HighDimensional Function Approximation: Breaking the Curse with Monte Carlo Methods
Abstract
In this dissertation we study the tractability of the informationbased complexity $n(\varepsilon,d)$ for $d$variate function approximation problems. In the deterministic setting for many unweighted problems the curse of dimensionality holds, that means, for some fixed error tolerance $\varepsilon>0$ the complexity $n(\varepsilon,d)$ grows exponentially in $d$. For integration problems one can usually break the curse with the standard Monte Carlo method. For function approximation problems, however, similar effects of randomization have been unknown so far. The thesis contains results on three more or less standalone topics. For an extended five page abstract, see the section "Introduction and Results". Chapter 2 is concerned with lower bounds for the Monte Carlo error for general linear problems via Bernstein numbers. This technique is applied to the $L_{\infty}$approximation of certain classes of $C^{\infty}$functions, where it turns out that randomization does not affect the tractability classification of the problem. Chapter 3 studies the $L_{\infty}$approximation of functions from Hilbert spaces with methods that may use arbitrary linear functionals as information. For certain classes of periodic functions from unweighted periodic tensor product spaces, in particular Korobov spaces, we observe the curse of dimensionality in the deterministic setting, while with randomized methods we achieve polynomial tractability. Chapter 4 deals with the $L_1$approximation of monotone functions via function values. It is known that this problem suffers from the curse in the deterministic setting. An improved lower bound shows that the problem is still intractable in the randomized setting. However, Monte Carlo breaks the curse, in detail, for any fixed error tolerance $\varepsilon>0$ the complexity $n(\varepsilon,d)$ grows exponentially in $\sqrt{d}$ only.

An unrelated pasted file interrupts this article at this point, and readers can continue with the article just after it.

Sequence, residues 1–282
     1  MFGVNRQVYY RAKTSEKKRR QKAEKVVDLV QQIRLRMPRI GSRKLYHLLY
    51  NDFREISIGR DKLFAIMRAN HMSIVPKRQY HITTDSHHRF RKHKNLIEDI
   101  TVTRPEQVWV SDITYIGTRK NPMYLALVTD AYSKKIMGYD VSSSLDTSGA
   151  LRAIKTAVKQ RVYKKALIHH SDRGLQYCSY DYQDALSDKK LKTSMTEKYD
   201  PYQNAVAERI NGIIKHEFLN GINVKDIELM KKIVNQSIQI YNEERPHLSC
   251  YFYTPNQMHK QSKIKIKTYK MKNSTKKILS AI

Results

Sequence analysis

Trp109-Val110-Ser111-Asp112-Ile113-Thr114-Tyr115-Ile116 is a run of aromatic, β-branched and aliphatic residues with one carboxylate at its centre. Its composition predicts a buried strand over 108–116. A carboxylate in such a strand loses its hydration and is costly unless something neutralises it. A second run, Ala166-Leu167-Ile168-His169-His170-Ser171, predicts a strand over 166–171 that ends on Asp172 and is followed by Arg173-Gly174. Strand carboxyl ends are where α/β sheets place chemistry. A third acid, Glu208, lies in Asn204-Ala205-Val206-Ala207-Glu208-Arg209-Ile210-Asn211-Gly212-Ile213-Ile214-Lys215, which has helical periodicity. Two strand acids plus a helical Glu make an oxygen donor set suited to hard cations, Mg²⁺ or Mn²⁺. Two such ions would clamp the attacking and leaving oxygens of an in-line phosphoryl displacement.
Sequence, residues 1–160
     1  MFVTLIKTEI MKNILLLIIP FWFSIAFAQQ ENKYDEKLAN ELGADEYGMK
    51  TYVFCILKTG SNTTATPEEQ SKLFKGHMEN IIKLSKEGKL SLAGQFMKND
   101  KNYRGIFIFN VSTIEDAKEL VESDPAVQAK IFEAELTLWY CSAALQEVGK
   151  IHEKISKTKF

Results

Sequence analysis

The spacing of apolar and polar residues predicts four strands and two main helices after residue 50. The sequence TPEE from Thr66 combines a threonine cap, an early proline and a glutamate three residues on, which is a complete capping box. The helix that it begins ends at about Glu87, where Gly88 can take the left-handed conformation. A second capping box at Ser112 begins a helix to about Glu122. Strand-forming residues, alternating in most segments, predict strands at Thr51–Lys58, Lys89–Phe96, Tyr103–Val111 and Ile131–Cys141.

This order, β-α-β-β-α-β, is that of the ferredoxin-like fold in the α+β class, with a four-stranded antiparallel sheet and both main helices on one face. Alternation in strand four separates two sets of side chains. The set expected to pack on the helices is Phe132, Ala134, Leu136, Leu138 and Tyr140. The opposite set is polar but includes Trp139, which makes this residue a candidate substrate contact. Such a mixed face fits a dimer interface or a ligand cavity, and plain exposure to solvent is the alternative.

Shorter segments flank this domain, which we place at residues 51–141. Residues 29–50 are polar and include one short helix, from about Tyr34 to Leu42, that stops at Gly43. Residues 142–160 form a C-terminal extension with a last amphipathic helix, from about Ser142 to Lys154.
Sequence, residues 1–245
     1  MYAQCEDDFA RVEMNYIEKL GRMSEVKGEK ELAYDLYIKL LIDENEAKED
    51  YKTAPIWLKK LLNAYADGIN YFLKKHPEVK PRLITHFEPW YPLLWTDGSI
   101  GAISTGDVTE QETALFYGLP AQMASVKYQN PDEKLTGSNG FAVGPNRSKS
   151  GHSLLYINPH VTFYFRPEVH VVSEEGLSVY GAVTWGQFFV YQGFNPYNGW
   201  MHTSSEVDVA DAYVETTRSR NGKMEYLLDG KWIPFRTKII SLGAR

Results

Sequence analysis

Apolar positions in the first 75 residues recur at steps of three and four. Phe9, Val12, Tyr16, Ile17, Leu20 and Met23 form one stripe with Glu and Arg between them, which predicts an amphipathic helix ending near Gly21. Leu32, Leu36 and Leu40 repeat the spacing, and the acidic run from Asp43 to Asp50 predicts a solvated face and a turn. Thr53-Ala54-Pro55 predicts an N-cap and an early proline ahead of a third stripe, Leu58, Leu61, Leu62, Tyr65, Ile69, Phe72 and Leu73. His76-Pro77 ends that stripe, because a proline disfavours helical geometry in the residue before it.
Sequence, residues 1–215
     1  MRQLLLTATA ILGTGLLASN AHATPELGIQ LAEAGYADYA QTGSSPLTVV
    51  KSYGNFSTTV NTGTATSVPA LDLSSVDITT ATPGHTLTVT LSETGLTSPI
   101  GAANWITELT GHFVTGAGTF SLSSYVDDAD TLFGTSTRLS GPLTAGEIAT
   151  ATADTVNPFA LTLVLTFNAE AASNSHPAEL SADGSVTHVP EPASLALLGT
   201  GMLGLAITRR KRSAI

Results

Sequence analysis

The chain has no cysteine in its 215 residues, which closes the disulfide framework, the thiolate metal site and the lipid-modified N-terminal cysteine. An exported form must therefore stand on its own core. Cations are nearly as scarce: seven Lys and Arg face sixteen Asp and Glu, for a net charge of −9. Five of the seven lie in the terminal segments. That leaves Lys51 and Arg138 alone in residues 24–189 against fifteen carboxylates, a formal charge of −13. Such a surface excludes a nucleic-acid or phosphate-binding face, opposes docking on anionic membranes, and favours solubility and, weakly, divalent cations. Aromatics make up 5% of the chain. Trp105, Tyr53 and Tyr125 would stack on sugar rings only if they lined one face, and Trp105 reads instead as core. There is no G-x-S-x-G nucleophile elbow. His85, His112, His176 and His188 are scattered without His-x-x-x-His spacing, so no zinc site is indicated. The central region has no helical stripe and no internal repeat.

Publication:

arXiv eprints
 Pub Date:
 April 2017
 DOI:
 10.48550/arXiv.1704.08213
 arXiv:
 arXiv:1704.08213
 Bibcode:
 2017arXiv170408213K
 Keywords:

 Mathematics  Numerical Analysis;
 41A17;
 41A25;
 41A46;
 41A63;
 41A65;
 65C05;
 65J05
 EPrint:
 This is the author's submitted PhD thesis, still in the referee process